The entire sense of the provision takes on a darker meaning in the light of Section (4)(B), which gives a definition that is far more restrictive than the general statement above. It divides the world into two kinds of costs and makes it clear that only the "authorization, clearance, or settlement" costs for a particular electronic transaction should be considered under paragraph (2) while all other costs are removed.

Judicial Obscurantism in the Court of Appeals It does not take a genius to conclude that the listing of these three transaction-specific costs excludes all the overall costs needed to design, operate and maintain the system. By design, those were to be cast back on the issuing banks to recover from their own debit card customers. Try as one might, it is not possible to see any gaps in the statutory structure. The only way in which this could have been made clearer is to have inserted the word "all" before "other costs" in paragraph (ii). But it is hard to resist the conclusion that Senator Durbin, perverse though he be, knew exactly what he was doing with his own Amendment. The Senator was devoted beyond all measure to Walgreen's and other retailers and equally intransigent with respect to the banks, so it is a virtual certainty that he meant what he said--and said what he meant. The retailers had excellent lawyers to help Senator Durbin along his appointed path. Judge Tatel called the Durbin Amendment a badly drafted statute, but that charge is surely wrong. Incompetently conceived, surely, but accurately drafted, regrettably, is a much better account of Durbin's regulatory calamity.

At this point, the contrast between the learned obscurity of Judge Tatel and the blunt clarity of Judge Leon's opinion below is a sight to behold. The key argument of Judge Tatel is that this text could "easily" be regarded as ambiguous so that it is correct for the Board to allow "issuers to recover, equipment, hardware, software and labor costs since [e]ach transaction uses the equipment, hardware, software and associated labor, and no particular transaction can occur without incurring these costs." Judge Leon rightly dismissed that claim in one word: "Please."

Leon's terse view of statutory interpretation makes infinitely more sense than the tendentious reading Judge Tatel, who relied on this identical passage to incorporate the semiotics of Jacques Derrida or the post-structuralism of Michel Foucault into modern administrative law. Finding, or inventing, ambiguity where none existed, he gave the views of the Federal Reserve undeserved prominence under the regrettable Chevron doctrine that has courts defer to agencies when statutes are found ambiguous.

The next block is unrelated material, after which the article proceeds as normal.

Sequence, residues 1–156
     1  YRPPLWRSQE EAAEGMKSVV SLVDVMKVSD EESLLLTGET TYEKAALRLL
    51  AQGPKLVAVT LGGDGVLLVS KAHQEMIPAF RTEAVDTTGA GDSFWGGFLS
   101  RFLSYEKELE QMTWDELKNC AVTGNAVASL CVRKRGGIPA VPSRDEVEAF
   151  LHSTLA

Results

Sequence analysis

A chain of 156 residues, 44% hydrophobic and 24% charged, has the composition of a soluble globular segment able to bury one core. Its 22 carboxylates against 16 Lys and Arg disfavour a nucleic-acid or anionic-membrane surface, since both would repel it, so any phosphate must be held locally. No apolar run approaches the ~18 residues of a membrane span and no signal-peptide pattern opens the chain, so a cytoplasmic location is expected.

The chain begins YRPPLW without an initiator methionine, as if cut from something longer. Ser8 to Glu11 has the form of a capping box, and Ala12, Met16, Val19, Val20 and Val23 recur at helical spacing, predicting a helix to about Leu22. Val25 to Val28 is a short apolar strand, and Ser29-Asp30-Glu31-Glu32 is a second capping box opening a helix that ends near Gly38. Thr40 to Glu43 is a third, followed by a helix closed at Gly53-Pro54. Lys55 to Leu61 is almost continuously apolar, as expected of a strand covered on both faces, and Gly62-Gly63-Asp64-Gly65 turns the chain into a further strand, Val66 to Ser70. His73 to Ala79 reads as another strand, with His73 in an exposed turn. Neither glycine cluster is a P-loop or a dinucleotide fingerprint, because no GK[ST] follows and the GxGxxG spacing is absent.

To conjure up that needed ambiguity, Judge Tatel launches into an extended, prolix, and tedious discussion of restrictive and nonrestrictive clauses, which, he claims, allows the Fed to infer this third class of expenses lurking in the shadows that the Fed by rule recover through debit interchange.

We are in an ethereal world. These unspecified objects might be called "fixed, variable costs". But suppose that these costs, like the Loch Ness monster, do exist. It nonetheless remains true that the impatient Judge Leon offers the only tenable reading of the Durbin Amendment: these fixed costs of running the computer network were excluded along with every other business cost needed to keep the program going, without which any particular transactions would not happen.

Economic Redemption, of Sorts As a matter of statutory interpretation, Judge Tatel's opinion is an intellectual train wreck. But functionally, it supplies a most welcome result, because of the hopelessly confiscatory nature of the Durbin Amendment, which on its face would have make made it impossible for the banks to recover their extensive invested costs in their operational system through interchange, without supplying them any alternative. To be sure, there was extensive talk of how banks should charge their own customers monthly or swipe fees. But those were never collected, after they were buried in an avalanche of abuse, starring the ubiquitous Senator Durbin who wrote the heads of Bank of America and Well-Fargo gratuitously nasty letters asking that they rescind the fees that only months before were supposed to be their salvation.